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Chicago-Area Railroad Workers Strike After Rush Hour Ends

September 9, 1988

CHICAGO (AP) _ An estimated 2,600 rail employees went on strike this morning in a walkout timed to begin as soon rush hour ended to avoid disruptions, but thousands of commuters faced an uncertain trip home.

The walkout began at 9 a.m. as agreed Thursday by the Chicago & North Western railroad and members of the United Transportation Union.

The fate of the evening rush hour remained in the hands of Congress, where the House today was to consider a version of a Senate bill passed Thursday that would impose a settlement.

″It is scheduled to be the first thing up. ... It will be rushed to the president. The president should sign it within an hour or so,″ said Sen. Paul Simon, D-Ill.

However, consideration of the bill was delayed, and a vote was not expected until the afternoon, said Mike Bushman, an aide to Rep. Terry Bruce, D-Ill.

C&NW is a leading Midwestern freight hauler and also runs commuter trains serving 40,000 people a day in Chicago’s suburbs.

Union members had planned to walk out at 12:01 a.m., when a 36-day cooling- off period in the dispute ran out, but held off until 9 a.m. after Simon and Bruce helped persuade the railroad to postpone layoffs of freight brakemen.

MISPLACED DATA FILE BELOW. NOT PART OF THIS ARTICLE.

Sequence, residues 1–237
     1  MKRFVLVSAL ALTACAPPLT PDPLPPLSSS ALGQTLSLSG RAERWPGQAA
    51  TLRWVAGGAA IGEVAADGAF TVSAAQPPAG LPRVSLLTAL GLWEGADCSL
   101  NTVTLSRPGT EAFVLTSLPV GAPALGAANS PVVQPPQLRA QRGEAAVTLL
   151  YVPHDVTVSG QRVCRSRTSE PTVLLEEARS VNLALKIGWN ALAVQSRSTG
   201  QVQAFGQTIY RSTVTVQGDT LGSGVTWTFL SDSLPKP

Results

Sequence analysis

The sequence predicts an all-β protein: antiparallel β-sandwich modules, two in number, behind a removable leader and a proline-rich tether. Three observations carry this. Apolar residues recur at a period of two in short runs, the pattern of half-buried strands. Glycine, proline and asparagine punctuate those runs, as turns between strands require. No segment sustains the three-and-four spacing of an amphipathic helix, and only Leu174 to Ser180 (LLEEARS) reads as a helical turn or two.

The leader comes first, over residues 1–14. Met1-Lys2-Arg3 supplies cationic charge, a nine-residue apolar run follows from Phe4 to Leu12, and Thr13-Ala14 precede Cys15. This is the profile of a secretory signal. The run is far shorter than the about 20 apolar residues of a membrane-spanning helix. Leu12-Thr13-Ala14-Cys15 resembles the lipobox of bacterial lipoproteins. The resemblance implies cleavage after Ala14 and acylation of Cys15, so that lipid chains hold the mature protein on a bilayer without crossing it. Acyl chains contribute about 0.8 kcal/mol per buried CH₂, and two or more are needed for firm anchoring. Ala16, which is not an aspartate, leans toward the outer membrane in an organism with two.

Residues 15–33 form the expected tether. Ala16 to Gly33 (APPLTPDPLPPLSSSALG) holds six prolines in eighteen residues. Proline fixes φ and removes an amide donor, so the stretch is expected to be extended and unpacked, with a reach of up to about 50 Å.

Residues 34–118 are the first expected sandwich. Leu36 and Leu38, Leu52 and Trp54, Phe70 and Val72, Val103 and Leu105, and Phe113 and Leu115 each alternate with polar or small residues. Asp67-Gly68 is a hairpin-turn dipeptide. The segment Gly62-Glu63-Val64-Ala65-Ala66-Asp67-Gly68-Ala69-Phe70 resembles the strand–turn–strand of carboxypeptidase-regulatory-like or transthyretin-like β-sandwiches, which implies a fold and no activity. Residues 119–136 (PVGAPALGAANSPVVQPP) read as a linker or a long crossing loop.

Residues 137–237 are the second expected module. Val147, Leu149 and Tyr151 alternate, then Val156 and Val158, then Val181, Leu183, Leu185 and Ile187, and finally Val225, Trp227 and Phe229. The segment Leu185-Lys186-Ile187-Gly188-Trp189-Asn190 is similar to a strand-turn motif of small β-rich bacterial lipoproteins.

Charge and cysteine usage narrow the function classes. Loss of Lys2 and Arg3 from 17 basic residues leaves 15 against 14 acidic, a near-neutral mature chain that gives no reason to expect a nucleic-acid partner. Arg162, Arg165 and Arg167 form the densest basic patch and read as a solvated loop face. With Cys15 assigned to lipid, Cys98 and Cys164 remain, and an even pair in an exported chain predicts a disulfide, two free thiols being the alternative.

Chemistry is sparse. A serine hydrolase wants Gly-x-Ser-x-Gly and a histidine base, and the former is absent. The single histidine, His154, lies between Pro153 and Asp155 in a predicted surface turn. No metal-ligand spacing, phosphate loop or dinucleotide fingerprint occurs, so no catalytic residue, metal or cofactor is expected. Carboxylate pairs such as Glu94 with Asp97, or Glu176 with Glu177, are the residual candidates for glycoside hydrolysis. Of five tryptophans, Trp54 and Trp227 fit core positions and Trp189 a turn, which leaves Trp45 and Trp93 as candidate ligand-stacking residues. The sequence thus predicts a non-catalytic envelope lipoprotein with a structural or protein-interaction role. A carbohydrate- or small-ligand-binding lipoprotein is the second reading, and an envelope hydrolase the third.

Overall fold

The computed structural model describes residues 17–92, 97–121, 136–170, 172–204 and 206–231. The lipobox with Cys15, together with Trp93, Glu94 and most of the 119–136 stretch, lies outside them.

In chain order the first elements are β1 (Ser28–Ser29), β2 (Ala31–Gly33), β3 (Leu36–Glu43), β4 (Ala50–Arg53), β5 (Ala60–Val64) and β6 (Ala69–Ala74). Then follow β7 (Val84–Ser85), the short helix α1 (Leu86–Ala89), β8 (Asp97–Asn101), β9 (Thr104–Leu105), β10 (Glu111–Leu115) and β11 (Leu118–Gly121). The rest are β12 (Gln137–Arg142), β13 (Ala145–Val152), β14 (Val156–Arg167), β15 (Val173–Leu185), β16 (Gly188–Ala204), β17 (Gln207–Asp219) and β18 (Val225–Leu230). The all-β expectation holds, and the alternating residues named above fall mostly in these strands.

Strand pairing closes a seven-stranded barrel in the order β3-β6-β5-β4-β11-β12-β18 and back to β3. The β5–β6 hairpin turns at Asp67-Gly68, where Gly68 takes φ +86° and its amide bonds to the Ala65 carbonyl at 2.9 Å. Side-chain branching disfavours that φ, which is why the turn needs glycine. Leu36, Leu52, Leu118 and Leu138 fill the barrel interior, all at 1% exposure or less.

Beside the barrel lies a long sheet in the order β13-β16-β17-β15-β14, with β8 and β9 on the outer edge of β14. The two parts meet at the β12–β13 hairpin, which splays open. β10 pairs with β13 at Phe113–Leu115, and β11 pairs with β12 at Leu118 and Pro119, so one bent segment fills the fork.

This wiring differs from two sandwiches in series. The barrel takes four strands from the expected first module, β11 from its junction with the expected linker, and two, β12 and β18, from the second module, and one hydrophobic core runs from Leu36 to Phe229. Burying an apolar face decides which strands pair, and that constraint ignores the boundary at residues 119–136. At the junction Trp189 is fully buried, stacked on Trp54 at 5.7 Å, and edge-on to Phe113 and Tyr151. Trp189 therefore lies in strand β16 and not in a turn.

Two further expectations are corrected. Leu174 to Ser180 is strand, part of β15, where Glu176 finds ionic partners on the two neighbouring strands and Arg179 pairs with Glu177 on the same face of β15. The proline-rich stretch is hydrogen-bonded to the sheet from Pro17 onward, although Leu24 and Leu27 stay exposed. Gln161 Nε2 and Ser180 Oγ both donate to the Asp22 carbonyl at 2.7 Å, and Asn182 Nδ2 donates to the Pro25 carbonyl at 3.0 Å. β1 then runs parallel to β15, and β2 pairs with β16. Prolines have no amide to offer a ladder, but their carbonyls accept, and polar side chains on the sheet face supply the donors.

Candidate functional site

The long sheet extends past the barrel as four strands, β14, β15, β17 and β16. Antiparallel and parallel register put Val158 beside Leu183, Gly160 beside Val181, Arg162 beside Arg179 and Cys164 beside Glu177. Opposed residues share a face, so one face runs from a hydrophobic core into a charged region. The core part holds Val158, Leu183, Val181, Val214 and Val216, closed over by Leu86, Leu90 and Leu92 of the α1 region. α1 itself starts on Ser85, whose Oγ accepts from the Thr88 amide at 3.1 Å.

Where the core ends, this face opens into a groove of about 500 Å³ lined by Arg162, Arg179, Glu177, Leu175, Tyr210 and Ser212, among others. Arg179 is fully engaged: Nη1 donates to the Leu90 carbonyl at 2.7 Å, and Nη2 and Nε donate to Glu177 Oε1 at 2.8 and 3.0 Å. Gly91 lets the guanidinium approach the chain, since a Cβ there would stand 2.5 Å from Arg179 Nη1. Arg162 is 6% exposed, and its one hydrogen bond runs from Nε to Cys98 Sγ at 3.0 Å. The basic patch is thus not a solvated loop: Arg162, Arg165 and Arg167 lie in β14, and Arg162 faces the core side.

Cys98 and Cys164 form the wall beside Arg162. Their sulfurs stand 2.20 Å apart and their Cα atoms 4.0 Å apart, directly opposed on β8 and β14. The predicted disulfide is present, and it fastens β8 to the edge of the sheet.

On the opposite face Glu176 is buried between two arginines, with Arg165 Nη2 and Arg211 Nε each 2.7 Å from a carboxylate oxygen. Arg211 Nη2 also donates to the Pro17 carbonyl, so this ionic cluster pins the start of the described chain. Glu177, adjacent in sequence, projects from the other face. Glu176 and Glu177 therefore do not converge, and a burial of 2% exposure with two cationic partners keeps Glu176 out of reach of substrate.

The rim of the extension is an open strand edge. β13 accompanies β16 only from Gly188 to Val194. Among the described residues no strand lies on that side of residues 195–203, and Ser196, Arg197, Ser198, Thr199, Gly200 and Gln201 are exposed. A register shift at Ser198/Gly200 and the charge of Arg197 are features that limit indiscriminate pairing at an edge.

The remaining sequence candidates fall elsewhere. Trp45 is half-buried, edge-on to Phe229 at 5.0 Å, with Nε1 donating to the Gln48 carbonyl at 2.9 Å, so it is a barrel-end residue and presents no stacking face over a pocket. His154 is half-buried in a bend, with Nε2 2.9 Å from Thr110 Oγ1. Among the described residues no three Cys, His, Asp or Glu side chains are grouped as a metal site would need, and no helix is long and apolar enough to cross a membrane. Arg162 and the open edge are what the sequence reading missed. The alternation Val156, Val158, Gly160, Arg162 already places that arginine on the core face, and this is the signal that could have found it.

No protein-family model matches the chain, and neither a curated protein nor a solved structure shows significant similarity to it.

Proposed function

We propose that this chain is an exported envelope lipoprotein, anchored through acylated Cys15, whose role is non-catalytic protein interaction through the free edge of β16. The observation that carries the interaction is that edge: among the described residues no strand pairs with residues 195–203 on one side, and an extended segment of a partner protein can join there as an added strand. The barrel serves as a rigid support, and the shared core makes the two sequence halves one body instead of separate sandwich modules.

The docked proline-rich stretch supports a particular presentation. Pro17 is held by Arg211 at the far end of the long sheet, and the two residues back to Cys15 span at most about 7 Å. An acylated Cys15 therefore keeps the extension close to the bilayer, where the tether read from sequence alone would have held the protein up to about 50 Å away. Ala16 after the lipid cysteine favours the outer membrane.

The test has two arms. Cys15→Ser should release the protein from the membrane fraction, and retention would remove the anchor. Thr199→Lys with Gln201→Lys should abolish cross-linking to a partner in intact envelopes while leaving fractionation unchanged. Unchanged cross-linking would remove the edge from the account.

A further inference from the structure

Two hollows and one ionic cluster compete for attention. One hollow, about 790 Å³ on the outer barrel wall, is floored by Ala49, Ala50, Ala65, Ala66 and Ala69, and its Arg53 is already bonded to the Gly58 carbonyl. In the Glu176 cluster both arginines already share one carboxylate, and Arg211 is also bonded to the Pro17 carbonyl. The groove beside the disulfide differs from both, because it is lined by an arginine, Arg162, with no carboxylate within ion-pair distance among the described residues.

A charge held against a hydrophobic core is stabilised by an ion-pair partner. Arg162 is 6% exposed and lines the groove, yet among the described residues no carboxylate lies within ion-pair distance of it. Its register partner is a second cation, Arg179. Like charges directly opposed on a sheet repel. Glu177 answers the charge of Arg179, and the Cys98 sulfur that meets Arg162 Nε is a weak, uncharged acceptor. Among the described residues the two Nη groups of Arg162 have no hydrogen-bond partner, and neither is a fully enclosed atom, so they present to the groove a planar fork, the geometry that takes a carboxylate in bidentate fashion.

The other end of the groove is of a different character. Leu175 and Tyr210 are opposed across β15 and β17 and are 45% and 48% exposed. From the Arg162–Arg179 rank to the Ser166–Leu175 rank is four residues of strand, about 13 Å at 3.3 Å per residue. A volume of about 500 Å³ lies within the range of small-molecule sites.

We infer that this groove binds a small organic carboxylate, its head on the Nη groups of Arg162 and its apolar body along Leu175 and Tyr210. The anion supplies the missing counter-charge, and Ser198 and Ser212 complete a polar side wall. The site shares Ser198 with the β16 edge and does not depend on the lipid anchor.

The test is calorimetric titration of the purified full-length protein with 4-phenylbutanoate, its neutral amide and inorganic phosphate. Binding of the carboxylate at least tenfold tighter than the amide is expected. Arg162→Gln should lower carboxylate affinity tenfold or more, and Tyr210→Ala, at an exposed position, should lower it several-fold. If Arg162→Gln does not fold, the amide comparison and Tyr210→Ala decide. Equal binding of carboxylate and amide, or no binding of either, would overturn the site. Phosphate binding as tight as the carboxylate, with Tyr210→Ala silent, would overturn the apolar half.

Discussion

The bill would implement recommendations of a presidential emergency board and cut 689 brakemen in its 10-state freight operations. The railroad had sought to lay off 1,150. The board was appointed by President Reagan in April.

″Right now we know of no opposition in the House,″ Simon said Thursday.

Union representatives said Thursday the dispute should be resolved at the bargaining table and not on Capitol Hill.

″It would be a great injustice to the working man if they pass this (Simon) law,″ said Don Markgraf, general chairman of the UTU. ″The politicians should be home getting elected instead of fooling around in labor disputes.″

Some union members threatened to stay off the job no matter what Congress decides.

David Wells, a brakeman, said union members planned to disperse within a 100-mile radius of Chicago and not be available to be called back to work today because they were angry about C&NW’s handling of the dispute.

″Most of our people were docked pay″ during a brief, two-hour strike Aug. 4, Wells said. ″We informed our commuters that we didn’t anticipate there would be an evening rush hour.″

Markgraf said he hadn’t heard of such a plan and attributed it to rumors.

C&NW officials said intervention was needed to avert a strike.

″In this case collective bargaining did not work and we’re happy Sen. Simon stepped in,″ said Leslie Cleveland, a railroad spokeswoman.

Under the Railway Labor Act, Congress and the president have authority to settle railroad disputes that threaten national commerce.

The railroad and the union have been battling for more than a year over the size of crews on C&NW freight trains.

The company contends the brakemen’s jobs are obsolete; the union argues the brakemen - two on each train’s crew - are neeeded to maintain safety.

The UTU struck C&NW for about four hours Aug. 4, after an earlier cooling- off period imposed by President Reagan. Congress, however, ended that strike quickly by imposing a second cooling-off period - which expired today.

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